Computer Science Curriculum
CS Depth: Systems

The courses below fulfill the Depth: Systems requirement in computer science.

EECS 321 - Programming Languages

This course introduces students to the key features of programming languages. Students implement a series of interpreters that nail down the precise details of how various aspects of programming languages behave. Students are assumed to understand trees and (mathematical) functions that process them; the course builds up to the features of real programming languages from there.

EECS 322 - Compiler Construction

The compiler is the programmer's primary tool. Understanding the compiler is therefore critical for programmers, even if they never build one. Furthermore, many design techniques that emerged in the context of compilers are useful for a range of other application areas. This course introduces students to the essential elements of building a compiler: parsing, context-sensitive property checking, code linearization, register allocation, etc. To take this course, students are expected to already understand how programming languages behave, to a fairly detailed degree. The material in the course builds on that knowledge via a series of semantics preserving transformations that start with a fairly high-level programming language and culminate in machine code. This course satisfies the project requirement.

EECS 333 - Intro to Communication Networks

Data communication basics, Telephone, cellular, cable and computer networks, Layered network architectures, models, and protocols, Switching, routing, flow control, and congestion control, Medium access control, ARQ, and local area networks. Queueing models and network performance analysis. This course fulfills the Systems Depth requirement.

EECS 339 - Intro to Databases

Data models and database design. Modeling the real world: structures, constraints, and operations. The entity relationship to data modeling (including network hierarchical and object-oriented), emphasis on the relational model. Use of existing database systems for the implementation of information systems. This course satisfies the project requirement.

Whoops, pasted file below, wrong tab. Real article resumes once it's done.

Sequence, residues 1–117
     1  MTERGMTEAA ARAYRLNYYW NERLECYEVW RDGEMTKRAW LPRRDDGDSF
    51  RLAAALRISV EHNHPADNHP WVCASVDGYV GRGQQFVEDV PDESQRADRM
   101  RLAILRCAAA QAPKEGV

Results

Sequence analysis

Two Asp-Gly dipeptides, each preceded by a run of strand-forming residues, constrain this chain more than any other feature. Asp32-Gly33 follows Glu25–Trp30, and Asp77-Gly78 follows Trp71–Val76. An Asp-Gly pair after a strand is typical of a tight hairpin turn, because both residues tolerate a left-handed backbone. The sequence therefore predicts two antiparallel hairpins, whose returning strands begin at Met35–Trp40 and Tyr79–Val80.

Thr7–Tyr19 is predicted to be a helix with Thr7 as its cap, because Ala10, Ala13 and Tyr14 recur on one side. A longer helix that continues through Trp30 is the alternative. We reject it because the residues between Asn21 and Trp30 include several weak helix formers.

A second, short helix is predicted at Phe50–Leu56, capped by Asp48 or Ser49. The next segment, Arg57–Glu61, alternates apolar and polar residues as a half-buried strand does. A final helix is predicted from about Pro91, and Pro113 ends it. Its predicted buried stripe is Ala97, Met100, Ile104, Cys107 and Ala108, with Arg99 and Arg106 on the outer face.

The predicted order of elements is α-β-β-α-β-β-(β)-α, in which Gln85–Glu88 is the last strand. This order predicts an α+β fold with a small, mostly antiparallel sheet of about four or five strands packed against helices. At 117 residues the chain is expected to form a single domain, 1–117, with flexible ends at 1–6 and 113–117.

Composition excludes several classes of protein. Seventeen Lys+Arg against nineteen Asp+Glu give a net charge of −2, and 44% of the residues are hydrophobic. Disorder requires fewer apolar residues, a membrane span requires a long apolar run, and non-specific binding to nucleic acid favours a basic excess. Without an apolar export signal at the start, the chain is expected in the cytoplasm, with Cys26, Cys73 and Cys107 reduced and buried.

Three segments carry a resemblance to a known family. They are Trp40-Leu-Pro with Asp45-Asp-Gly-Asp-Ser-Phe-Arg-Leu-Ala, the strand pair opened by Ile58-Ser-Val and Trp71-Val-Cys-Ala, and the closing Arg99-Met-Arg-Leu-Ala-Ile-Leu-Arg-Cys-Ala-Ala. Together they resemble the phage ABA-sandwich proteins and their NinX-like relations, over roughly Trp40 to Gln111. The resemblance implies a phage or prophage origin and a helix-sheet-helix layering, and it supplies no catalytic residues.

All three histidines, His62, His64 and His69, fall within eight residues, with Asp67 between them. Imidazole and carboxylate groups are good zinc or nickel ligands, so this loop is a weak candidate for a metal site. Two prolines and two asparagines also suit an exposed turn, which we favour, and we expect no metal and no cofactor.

EECS 340 - Introduction to Computer Networking

A top-down exploration of networking using the 5-layer model and the TCP/IP stack. HTTP, FTP, DNS, BSD Sockets, concurrent servers, checksums, reliable transport with stop-and-wait, go-back-n, selective repeat, flow control, congestion control, TCP, unicast routing, multicast routing, router architecture, IP, IPv6, IP multicast, MAC protocols and LANs, Ethernet , wireless networks, and network security. Over the course of the quarter, students build web clients and servers, a fully compatible TCP/IP stack that can run them, and evaluate routing protocols in simulation. This course satisfies the project requirement.

EECS 343 - Operating Systems

A fundamental overview of operating systems. Topics covered include: Operating system structures, processes, process synchronization, deadlocks, CPU scheduling, memory management, file systems, secondary storage management. Requires substantial programming projects. Approved for Systems Breadth and Depth in the CS curriculum in McCormick and Weinberg This course satisfies the project requirement.

EECS 345 - Distributed Systems

Basic principles behind distributed systems (collections of independent components that appear to users as a single coherent system) and main paradigms used to organize them. This course satisfies the project requirement

EECS 350 - Introduction to Computer Security

The past decade has seen an explosion in the concern for the security of information. This course introduces students to the basic principles and practices of computer and information security. Focus will be on the software, operating system and network security techniques with detailed analysis of real-world examples. Topics include cryptography, authentication, software and operating system security (e.g., buffer overflow), Internet vulnerability (DoS attacks, viruses/worms, etc.), intrusion detection systems, firewalls, VPN, Web and wireless security. Students with good performance in the class will be awarded researchship in the academic year and/or the summer. This course can help satisfy the project course requirement for undergraduates and satisfy the breadth requirement in computer systems for system Ph.D. students. This course satisfies the project requirement

EECS 354 - Network Penetration and Security